“I have heard no evidence that she [Quinn] did anything other than what she had been directed to do and what had been the policy and custom of the school,” Corbin-Johnson said. “If the school board really wanted to get to the bottom of this, it seems like there would have been a lot more people called down during the investigation.”
District officials testified that grade changes using Quinn’s district login credentials did not contain documentation to verify the changes. Quinn said she would routinely change grades if the student’s teacher asked her to. Sometimes changes were made because of makeup work or data entry errors, but she never questioned the teachers or asked for documentation.
“I struggled on a Memphis City Schools salary to put my children through college. If I had that power, why didn’t I do that for my own children?” Quinn said of improperly changing grades for her two daughters who graduated from Trezevant High. “I always had the teacher of record right there before I would change the grade… The teacher was my documentation.”
But the district said if that reasoning was sufficient, the district’s student information system (known as SMS) would give a teacher clearance to go into the system and change the grade on their own.
“If a teacher was not given the right to change the grade in SMS, why would you go in there and do it for them?” said Rodney Moore, the lawyer defending the district. “Would that suggest to you it required more [verification]?”
District employees interviewed during multiple grade changing investigations said they knew about a grade change form but either didn’t know the procedure or assumed the practice stopped when the former Memphis city district merged with its suburban counterpart in 2013.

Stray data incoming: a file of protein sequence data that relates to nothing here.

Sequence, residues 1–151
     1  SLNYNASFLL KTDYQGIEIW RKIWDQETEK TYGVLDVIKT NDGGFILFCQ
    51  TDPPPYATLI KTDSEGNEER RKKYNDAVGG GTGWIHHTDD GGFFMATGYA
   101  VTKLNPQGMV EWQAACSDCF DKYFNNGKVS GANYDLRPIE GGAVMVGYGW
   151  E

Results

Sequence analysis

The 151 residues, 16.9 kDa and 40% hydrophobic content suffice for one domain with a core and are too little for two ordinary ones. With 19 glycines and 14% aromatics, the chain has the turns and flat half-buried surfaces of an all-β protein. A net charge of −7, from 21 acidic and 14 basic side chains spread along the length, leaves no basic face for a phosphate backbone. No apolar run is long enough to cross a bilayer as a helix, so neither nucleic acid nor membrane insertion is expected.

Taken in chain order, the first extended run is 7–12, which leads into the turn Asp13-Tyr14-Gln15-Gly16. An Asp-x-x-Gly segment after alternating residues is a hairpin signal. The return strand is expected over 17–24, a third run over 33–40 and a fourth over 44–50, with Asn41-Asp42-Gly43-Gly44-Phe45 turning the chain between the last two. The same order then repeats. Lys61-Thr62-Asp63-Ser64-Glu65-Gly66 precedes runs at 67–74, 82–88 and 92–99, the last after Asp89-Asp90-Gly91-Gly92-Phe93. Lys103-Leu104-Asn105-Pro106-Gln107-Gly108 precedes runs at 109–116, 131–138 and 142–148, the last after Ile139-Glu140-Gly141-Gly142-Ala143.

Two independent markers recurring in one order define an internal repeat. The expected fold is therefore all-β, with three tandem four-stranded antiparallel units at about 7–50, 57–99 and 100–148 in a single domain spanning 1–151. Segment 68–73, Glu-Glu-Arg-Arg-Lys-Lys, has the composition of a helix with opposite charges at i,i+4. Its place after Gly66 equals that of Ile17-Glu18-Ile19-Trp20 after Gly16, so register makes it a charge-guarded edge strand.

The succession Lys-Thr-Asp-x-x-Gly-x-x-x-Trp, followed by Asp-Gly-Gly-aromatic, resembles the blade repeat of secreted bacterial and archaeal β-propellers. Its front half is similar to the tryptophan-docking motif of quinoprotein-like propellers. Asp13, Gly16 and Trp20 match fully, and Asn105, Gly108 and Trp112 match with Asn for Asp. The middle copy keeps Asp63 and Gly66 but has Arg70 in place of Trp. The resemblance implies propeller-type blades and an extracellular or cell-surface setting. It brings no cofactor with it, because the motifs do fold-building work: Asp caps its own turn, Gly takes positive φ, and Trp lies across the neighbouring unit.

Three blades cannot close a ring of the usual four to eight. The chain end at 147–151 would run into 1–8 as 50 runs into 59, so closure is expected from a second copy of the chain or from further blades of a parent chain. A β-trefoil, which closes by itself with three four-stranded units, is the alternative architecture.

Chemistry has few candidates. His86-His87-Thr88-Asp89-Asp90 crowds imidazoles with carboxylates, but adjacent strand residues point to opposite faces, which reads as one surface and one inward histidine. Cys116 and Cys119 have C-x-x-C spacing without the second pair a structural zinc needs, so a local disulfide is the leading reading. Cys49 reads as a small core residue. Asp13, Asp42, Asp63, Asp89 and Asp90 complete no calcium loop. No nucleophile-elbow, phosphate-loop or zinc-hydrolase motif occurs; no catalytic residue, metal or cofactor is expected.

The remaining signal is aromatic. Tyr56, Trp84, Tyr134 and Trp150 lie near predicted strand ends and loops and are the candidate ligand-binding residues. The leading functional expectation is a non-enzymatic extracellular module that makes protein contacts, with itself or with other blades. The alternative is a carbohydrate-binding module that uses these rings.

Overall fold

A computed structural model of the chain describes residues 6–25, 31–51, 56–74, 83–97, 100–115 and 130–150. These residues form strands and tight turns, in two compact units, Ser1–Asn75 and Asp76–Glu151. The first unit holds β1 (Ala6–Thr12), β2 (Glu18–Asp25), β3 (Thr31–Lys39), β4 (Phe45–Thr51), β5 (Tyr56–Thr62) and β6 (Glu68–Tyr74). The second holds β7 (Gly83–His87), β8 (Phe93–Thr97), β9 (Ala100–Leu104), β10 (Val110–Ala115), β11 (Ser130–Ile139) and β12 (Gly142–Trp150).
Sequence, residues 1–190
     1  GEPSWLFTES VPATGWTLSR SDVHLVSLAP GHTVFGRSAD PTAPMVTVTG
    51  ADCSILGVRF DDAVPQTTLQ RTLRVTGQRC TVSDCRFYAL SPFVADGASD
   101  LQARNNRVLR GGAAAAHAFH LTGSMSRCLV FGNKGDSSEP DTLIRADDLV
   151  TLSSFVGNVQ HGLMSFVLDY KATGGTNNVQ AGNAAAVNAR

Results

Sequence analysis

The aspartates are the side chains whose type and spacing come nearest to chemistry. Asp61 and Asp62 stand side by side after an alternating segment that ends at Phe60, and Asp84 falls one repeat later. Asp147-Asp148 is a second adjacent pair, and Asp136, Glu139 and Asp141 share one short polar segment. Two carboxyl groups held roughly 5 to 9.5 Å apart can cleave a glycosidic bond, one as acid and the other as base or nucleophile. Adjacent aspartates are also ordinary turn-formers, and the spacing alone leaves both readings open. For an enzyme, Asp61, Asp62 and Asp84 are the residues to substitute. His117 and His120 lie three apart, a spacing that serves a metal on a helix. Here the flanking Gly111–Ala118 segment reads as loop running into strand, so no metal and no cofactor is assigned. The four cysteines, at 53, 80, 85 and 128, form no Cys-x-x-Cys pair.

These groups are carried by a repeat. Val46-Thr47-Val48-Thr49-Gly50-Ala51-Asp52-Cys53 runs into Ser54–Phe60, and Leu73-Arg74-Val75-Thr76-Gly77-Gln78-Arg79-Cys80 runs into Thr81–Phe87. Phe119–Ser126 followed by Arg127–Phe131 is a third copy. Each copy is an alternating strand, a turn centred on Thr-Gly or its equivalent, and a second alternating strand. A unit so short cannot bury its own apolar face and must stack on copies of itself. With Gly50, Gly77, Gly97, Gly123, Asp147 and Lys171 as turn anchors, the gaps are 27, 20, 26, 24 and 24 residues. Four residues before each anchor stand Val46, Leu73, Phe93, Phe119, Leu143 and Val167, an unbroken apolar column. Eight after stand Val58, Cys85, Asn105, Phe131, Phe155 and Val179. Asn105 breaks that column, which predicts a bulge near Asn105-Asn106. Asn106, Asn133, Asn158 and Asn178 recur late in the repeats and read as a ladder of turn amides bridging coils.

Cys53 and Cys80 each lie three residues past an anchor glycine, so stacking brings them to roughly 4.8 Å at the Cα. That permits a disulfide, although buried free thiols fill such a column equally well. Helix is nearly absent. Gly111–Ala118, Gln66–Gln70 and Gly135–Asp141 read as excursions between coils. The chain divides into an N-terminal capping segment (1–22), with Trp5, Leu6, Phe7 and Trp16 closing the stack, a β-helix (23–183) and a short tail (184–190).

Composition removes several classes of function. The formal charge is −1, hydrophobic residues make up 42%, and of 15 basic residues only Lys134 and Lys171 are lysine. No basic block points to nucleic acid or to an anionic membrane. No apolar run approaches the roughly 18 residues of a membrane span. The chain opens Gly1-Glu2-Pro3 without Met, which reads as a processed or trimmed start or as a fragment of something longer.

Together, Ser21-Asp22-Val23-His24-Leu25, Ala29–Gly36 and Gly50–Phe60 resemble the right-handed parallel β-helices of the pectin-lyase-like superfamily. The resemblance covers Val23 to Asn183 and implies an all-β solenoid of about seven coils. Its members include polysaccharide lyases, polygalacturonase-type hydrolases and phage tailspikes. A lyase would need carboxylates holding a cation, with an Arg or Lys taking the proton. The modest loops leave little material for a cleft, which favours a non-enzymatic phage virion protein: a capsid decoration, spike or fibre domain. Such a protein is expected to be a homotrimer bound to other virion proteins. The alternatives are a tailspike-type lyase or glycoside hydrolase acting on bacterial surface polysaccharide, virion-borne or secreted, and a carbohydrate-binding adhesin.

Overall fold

That’s why district officials, including now Superintendent Joris Ray, said more training was needed before holding more people accountable after the wider investigation ended last year.
That sentiment was echoed by Corbin-Johnson in court: “How do you hold someone accountable to a policy if you don’t enforce it?”
To litigate Quinn’s case, Shelby County Schools hired Moore, the former chief lawyer for the district when the scandal broke out three years ago. Moore left the school system in early 2018 for Ogletree Deakins, one of the law firms hired to investigate the ordeal in 2017. He resigned about two months after those investigators publicly released their findings detailing a “pervasive culture” of improper grade changes at Trezevant, where at least 53 students graduated without earning the necessary credits.
Since the grading scandal emerged, legislators made improper changes to student transcripts a criminal offense under state law. The district limited the number of people authorized to make grade changes to two, instituted new training, hired grading system monitors, and created an electronic grade change form, among other changes. A grade modification policy proposed as a result of a failed investigation last year into possible fraudulent grade changes at other high schools has still not been voted on.
“We’re actually going above and beyond what other school systems would do. I’m certain of that,” said Bill White, who oversees training and enforcement for student information.